Use za'atar for a unique flair

No spice has seen a heyday quite like za'atar. This Southwestern Asian and Northern African spice blend is a flavorful upgrade to classic Italian seasoning blends. Za'atar includes Syrian oregano, sumac, and thyme — which add a woody element to the mix — and incorporates an ingredient not found in other spice mixes: toasted sesame seeds. The seeds provide the fatty reprieve that your starchy sweet potato fries are likely craving.

Toss frozen sweet potato fries with za'atar and olive oil to create a crispy and flavorful coating after cooking. Additionally, the best dipping sauce for za'atar sweet potato fries is tahini. It's also made with sesame seeds, so it provides a similar fatty undertone that meshes well with the starchy fry.

Get hot and spicy with Cajun seasoning

There are tons of Cajun seasonings on the market, particularly if you live in or near Louisiana, where the mix was initially popularized. Most Cajun mixes include a mashup of black pepper, cayenne, onion powder, paprika, and garlic powder, though some variations loop in spicy mustard powder, cumin, or chili peppers. In short? The various flavors are a great choice for sweet potato fries.

You can make baked Cajun sweet potato fries by coating the spuds in a layer of Cajun seasoning (plus any additional warming spices you might want). The spice blend tends to have a ton of umami and spicy notes, so Cajun-seasoned sweet potato fries are great when paired with a milder dip, like mayo.

Tajín brings a burst of citrus

Tajín is a unique seasoning that offers a relatively unique flavor in the world of seasoning: citrus. The classic version of this seasoning is made with chili powder, dehydrated lime juice, citric acid, and sea salt, which gives it a distinct pop and tingle on the tongue. This seasoning can distract from the overwhelming starchiness of the tuber, as well, which makes it an excellent match for sweet potatoes.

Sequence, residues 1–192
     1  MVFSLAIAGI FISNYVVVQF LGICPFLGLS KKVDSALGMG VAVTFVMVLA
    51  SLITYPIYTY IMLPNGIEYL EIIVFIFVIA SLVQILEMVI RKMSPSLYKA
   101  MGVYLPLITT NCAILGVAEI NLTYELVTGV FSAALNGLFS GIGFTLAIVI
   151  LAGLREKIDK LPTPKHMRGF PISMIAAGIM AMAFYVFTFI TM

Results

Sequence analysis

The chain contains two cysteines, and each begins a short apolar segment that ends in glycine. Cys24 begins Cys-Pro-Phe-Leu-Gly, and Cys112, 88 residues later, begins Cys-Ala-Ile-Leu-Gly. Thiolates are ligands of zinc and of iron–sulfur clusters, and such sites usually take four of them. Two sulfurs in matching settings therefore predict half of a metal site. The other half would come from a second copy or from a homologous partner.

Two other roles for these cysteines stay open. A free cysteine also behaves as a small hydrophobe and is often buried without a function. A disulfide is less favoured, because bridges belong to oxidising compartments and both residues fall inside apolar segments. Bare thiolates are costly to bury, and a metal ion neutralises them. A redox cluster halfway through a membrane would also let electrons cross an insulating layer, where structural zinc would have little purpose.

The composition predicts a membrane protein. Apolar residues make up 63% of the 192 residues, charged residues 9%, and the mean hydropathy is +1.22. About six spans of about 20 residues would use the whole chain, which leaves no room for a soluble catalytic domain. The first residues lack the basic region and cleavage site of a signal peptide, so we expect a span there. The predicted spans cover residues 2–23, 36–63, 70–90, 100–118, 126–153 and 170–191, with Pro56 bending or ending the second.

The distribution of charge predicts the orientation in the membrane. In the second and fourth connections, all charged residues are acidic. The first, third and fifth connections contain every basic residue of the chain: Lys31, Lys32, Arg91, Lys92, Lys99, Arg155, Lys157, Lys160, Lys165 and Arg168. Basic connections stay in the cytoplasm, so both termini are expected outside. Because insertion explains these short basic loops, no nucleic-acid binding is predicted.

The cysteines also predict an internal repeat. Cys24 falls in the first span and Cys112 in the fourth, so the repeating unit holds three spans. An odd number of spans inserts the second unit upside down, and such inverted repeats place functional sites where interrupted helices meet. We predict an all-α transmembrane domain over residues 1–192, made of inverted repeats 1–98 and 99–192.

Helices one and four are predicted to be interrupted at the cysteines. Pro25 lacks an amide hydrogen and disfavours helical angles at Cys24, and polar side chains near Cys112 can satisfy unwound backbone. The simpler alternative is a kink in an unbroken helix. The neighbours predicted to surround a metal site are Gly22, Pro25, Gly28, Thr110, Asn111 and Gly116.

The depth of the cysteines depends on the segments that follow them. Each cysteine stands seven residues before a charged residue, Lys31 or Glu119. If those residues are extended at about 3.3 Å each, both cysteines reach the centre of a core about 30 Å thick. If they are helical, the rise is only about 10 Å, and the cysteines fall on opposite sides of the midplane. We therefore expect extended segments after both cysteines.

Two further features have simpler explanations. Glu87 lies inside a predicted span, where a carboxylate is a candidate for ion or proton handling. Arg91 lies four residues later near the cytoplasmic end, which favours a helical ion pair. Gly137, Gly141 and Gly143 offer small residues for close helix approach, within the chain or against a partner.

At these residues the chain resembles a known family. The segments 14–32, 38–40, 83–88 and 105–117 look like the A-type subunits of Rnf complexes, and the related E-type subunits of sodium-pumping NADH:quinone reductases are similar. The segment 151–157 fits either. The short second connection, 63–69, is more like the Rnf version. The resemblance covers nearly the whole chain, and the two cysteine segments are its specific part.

You can add Tajín directly to your fries before cooking them. However, we recommend adding a hearty sprinkle on top right before serving your fries, too, so the lime flavor remains prevalent for your taste buds. While a spicy aioli is a great pairing for this seasoning, these fries also pair nicely with fatty guacamole.

Channel Indian flavors using curry powder

A common misconception surrounding curry powder is that it's a standardized spice. In reality, the true origins of curry powder indicate it can be a blend of many seasonings. Furthermore, what curry powder is made with tends to vary in different parts of the world. While the exact recipe is undefined, a basic curry powder often starts with turmeric (which gives the spice its yellow-orange hue), black pepper, cinnamon, and aromatics — all of which work well on sweet potato fries

Curry powder is an excellent pairing for sweet potato fries because the warming spices add depth to the starch. Toss your fries in curry powder before cooking for the best results. You can also try different curry powder blends and find one that works best for your taste buds.